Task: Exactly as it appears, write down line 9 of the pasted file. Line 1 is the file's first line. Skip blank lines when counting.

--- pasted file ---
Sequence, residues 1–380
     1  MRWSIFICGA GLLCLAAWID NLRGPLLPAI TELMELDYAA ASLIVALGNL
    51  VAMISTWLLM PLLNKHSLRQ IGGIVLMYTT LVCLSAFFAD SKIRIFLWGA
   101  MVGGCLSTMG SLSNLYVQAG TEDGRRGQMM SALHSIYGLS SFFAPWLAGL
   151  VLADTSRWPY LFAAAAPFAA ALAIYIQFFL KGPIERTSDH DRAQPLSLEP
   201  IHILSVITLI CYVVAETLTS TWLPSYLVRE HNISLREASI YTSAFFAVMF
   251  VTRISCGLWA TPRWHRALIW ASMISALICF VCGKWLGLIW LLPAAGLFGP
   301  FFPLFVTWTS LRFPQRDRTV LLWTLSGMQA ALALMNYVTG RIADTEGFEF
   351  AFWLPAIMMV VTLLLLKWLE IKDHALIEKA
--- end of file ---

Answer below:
   351  AFWLPAIMMV VTLLLLKWLE IKDHALIEKA